A few days after attending this event, I spoke with a woman from my Bible Study. After picking her brain about her own blog, Express Yourself 4Him was conceived. Like anything in life, the initial years was a learning experience, trying to figure out the content, format and overall objective. Using what I learned as a high school Bible teacher, Diakrisis led me to turn my posts into a daily devotional. Although some topics that I chose may not relate to you, I feel called to share my faith through writing about what God is teaching me daily. This is Diakrisis in action.

by Jay Mankus

Where is the Spirit of the Lord?

Prior to the New Testament, the Spirit of the Lord is described as a presence that takes over your body. Similar to a momentum swing during a sporting event, an inner confidence spreads as teammates begin to believe that victory is on the way, 1 Samuel 16:13-14. However, the Spirit of the Lord also has the ability to depart as well, like it did for King Saul. If God’s Spirit can come and go, learning to keep in step with the Holy Spirit is essential, Galatians 5:25.

Now the Lord is the Spirit, and where the Spirit of the Lord is, there is liberty (emancipation from bondage, freedom), 2 Corinthians 3:17.

Yet, the apostle Paul adds another element to the Spirit of the Lord in the passage above. Similar to his words on the fruits of the Spirit, Galatians 5:22-23, Paul explains what the Holy Spirit can do for you. First and foremost, the Spirit of the Lord brings freedom to those formally held hostage by addictions and cravings of their flesh. When the Spirit of the Lord is present, liberty is made possible through repentance.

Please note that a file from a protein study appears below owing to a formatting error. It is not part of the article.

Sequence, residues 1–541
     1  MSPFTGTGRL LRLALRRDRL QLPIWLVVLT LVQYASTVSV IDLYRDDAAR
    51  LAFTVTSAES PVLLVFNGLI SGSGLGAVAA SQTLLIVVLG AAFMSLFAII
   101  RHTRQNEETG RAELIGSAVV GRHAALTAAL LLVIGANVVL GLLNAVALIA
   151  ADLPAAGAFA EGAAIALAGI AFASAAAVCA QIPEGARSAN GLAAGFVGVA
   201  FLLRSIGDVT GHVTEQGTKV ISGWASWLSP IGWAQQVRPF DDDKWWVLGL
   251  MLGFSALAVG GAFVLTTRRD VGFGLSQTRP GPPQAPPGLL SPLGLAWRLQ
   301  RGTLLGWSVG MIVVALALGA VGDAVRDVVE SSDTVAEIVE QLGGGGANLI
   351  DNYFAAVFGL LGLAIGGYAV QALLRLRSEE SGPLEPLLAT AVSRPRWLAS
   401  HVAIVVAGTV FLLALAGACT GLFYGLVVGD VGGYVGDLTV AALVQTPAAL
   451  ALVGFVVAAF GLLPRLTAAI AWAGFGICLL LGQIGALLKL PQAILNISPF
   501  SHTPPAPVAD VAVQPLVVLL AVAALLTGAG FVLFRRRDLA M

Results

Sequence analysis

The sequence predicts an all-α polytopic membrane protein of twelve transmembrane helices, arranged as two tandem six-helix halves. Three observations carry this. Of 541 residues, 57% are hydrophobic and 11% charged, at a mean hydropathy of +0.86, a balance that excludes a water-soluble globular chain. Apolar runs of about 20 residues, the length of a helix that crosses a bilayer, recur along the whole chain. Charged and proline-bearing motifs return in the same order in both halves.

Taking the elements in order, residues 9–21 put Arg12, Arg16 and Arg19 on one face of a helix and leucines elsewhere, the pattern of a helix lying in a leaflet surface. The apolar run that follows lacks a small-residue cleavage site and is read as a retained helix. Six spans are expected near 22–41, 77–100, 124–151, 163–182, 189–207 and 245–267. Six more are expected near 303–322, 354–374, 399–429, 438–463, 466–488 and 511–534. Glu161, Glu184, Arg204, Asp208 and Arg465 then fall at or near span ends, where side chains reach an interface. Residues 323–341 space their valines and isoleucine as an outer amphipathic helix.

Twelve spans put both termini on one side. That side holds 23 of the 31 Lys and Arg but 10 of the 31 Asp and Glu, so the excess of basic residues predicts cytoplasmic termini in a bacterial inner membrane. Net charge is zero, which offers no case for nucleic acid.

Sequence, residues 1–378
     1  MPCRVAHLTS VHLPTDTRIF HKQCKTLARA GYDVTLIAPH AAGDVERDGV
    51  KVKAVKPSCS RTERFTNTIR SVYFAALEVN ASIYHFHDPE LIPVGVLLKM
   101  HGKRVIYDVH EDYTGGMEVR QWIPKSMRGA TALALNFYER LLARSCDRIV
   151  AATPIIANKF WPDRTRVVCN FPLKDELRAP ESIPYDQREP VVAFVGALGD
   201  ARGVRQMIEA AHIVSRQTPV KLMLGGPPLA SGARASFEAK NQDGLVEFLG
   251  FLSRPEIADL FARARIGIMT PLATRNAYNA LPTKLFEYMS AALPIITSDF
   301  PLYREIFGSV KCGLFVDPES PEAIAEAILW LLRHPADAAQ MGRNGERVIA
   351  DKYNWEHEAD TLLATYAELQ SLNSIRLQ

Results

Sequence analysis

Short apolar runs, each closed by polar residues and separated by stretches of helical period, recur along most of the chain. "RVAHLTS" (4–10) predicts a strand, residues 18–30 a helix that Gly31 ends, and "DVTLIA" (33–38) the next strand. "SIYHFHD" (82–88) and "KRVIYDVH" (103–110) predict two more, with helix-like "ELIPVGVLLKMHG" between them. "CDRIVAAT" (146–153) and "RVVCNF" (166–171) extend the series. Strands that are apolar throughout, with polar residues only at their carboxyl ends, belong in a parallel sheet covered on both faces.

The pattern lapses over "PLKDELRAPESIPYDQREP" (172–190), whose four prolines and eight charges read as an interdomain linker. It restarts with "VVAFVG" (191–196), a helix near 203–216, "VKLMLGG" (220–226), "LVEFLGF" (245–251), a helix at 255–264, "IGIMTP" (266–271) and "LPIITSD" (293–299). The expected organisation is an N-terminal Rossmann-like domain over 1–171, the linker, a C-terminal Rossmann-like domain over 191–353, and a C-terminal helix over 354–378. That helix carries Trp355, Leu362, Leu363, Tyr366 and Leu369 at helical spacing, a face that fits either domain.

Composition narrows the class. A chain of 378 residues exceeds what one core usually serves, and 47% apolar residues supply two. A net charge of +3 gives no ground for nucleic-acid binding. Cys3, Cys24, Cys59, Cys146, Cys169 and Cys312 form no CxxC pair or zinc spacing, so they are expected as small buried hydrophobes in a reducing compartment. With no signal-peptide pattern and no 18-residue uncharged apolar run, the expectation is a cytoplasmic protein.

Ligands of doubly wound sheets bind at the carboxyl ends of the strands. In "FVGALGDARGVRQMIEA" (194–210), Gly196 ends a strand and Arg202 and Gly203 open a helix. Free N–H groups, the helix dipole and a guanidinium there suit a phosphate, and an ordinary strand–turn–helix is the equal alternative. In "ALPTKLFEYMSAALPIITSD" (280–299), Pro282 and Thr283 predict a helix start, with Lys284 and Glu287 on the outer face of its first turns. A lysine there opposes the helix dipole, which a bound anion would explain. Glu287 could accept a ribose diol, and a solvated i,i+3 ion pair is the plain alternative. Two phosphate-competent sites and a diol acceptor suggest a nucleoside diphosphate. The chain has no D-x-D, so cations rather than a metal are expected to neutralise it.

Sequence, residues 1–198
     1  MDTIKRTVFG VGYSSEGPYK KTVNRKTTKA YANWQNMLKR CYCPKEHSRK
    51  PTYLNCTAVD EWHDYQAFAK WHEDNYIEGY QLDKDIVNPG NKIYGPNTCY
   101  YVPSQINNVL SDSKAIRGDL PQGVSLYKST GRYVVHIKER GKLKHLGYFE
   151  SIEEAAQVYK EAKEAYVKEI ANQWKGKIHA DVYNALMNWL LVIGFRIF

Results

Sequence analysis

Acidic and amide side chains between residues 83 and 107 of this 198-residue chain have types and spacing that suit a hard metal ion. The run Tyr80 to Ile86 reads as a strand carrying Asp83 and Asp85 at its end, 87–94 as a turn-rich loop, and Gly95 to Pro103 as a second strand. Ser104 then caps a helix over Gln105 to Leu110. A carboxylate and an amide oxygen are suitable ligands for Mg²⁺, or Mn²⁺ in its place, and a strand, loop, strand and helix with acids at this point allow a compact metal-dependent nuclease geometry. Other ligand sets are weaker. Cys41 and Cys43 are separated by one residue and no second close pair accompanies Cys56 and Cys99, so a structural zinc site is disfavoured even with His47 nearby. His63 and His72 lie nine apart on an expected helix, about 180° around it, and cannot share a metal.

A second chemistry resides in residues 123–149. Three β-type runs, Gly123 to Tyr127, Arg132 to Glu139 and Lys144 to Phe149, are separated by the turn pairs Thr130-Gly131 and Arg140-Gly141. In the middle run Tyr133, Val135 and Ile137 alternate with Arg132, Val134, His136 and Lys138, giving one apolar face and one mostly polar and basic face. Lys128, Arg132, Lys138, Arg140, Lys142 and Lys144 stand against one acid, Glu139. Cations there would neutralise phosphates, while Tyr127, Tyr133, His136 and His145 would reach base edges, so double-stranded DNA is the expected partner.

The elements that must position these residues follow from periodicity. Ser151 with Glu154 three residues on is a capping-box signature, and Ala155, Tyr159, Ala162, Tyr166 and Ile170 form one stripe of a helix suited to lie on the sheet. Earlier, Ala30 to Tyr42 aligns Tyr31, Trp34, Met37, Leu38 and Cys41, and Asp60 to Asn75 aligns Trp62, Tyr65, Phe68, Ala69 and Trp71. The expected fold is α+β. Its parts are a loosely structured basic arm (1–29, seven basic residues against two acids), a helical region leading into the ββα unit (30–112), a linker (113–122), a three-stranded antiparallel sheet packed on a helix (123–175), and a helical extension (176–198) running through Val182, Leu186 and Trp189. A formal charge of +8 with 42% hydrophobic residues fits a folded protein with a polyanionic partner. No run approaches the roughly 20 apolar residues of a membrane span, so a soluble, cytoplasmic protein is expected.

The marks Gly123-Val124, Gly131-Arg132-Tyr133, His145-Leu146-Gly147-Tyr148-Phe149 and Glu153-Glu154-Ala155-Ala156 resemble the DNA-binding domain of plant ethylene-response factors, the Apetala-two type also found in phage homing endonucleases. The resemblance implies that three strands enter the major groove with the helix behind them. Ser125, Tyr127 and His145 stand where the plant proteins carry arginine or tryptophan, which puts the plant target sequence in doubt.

And all of us, as with unveiled face, [because we] continued to behold [in the Word of God] as in a mirror the glory of the Lord, are constantly being transfigured into His very own image in ever increasing splendor and from one degree of glory to another; [for this comes] from the Lord [Who is] the Spirit, 2 Corinthians 3:18.

The Bible serves as a spiritual mirror for all human beings. If you are not reading and studying the Bible on a daily basis, God’s reflection slowly disappears. Thus, the Bible serves as a wardrobe, the entrance to the Holy Spirit like C.S. Lewis’ the Lion, the Witch and the Wardrobe. The more you open this living book, the greater your chances increase for accessing the Spirit of the Lord, Romans 10:17. As you draw near to God, the Spirit of the Lord will come close to you, James 4:7-8.

by Jay Mankus

Inspired by the Spirit of a Living God

The author of Hebrews refers to the Bible as a book that is living and active, Hebrews 4:12. These supernatural words come alive as souls are activated, energized, and motivated to share what the Holy Spirit brings to light. Compared to a double edged sword, spiritual warriors can use the Bible for protection against the Devil, Matthew 4:7 and quickly go on the offense to take back spiritual footholds, Matthew 4:10.